ReSchool has been the ultimate experience incorporating my personal and professional experiences to date. I have the space to design something that incorporates what I’ve experienced and learned. When I worked at the Department of Education most recently, I realized that the system is designed to get the output that it is was designed to give. That there are a lot of super smart people who work at CDE who can take some time to look beyond today into where we might want to head, and to create a strong vision for that. But to transform a system from what it's doing now to what we want it to do, is just too cumbersome. There isn’t space to shift only to implement the current. So, that's where Tony Lewis and I said, "What if we could start from scratch? What if in trying to continue to improve upon the system we have, what if you could have the luxury and space to design a system for today? And that system could meet learners where they’re at and offer them an array of learning experiences of value and quality. And give them the chance to enter into a life that is fulfilling and something where they can be successful. How would we design that system?"
What’s been so great about ReSchool is that we’ve been able to find people in our state--parents, learners, educators, organizational leaders--who share the passion we do for creating a new system. We can learn together, try things in space that most often occurs outside of traditional schools because you have a little bit more freedom and flexibility when you try things in the summer or after school. And from that, build a design for how a system might look differently.
As it is currently being designed, the way the ReSchool system would work is that you as a learner would opt into this system. It sits alongside the current system. And you are able to bring whatever share of resources are attached to you at that stage in your life, with you into the new system. If you're an early childhood student, there are some resources that you could bring in. If you’re in a K-12 section of the system, those would follow you as well as postsecondary, concurrent enrollment, or higher ed. And then instead of choosing into a school, you choose into something called an Advocate Network. They are your partner in working to understand your current context, needs, and passions, what stage you're at through your educational journey. And then take a look at the array of educational providers, including schools, that exist for you, and bundle those together in a way to meet your needs at this stage of your life and get you prepared for what's next. So that's the vision. And we’ve created a learning framework that we are starting to use in partnership with some groups to hold and capture the learning that occurs in that system, so that as you go through it, you're building up a set of transferable skills and competencies that are of value to you and to others, especially as you make your way out of the system and into the real world.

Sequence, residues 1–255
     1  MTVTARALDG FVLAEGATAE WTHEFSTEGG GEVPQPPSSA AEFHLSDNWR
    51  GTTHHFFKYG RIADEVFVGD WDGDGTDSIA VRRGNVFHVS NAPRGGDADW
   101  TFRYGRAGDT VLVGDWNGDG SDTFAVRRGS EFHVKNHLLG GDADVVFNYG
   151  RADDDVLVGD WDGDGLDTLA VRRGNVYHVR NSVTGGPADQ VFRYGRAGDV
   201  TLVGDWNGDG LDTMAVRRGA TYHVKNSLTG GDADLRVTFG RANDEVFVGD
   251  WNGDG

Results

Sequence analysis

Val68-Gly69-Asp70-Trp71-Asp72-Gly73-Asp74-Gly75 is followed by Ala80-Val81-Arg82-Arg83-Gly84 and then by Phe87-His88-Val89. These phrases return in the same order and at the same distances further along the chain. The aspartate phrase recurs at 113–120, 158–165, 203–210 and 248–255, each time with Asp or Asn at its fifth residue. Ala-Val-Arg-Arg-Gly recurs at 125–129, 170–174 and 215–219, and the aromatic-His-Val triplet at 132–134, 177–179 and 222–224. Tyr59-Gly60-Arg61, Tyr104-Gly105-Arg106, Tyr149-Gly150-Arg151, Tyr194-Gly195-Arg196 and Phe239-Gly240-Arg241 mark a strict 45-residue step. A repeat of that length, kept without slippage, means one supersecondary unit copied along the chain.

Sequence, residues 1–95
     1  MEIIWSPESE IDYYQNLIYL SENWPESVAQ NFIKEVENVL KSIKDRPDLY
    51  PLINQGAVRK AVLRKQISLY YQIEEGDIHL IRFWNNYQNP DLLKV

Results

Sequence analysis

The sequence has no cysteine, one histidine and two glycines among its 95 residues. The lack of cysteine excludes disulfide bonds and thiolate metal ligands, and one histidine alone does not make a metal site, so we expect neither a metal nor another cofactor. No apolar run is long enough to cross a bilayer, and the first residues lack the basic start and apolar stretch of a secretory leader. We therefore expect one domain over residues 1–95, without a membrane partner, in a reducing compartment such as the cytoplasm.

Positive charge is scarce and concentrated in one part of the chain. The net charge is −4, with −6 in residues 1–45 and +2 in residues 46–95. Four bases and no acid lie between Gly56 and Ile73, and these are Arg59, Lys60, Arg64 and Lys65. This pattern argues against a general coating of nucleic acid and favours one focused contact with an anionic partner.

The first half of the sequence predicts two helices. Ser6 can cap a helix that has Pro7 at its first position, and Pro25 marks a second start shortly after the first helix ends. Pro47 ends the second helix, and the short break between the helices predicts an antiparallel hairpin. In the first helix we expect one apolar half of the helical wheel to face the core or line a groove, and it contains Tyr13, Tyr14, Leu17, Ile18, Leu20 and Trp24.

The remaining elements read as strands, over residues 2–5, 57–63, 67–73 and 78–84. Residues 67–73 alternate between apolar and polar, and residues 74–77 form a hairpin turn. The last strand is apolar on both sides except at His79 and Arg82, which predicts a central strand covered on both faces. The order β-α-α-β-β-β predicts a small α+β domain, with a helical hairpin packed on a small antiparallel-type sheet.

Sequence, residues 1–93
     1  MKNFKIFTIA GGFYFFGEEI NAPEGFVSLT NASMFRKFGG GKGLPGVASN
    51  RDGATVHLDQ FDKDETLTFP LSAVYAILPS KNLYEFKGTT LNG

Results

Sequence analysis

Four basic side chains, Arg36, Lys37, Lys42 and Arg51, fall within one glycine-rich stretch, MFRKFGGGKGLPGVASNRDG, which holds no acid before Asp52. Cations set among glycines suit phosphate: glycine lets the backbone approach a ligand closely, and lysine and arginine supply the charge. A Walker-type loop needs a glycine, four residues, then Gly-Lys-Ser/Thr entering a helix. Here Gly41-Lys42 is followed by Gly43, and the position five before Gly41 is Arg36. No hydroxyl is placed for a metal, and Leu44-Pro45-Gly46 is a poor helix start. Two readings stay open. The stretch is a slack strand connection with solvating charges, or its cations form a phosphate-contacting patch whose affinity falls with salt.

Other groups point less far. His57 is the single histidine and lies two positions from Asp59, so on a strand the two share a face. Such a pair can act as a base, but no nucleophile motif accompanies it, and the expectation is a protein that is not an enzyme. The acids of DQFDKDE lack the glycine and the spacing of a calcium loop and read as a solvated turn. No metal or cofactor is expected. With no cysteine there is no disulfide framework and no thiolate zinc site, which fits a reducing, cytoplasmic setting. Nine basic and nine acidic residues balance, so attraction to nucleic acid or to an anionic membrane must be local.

Finally, could you tell me about an empowering educational experience that you've had? It can be outside or within the K-12 or higher education system.
First, I think if you want kids to be empowered, you have to trust them and give them the power to actually start to shape their own learning. And that is a real challenge with our current system: It's still very teacher-directed, because teachers hold the content knowledge and they want to be able to convey that to their students. .And that’s how we’ve always trained teaches. So, we don’t empower kids for the most part in schools to have to seek out and find their resources, and direct their learning in ways that you need to be able to do in the world. Right? So, that's just my first thought on that.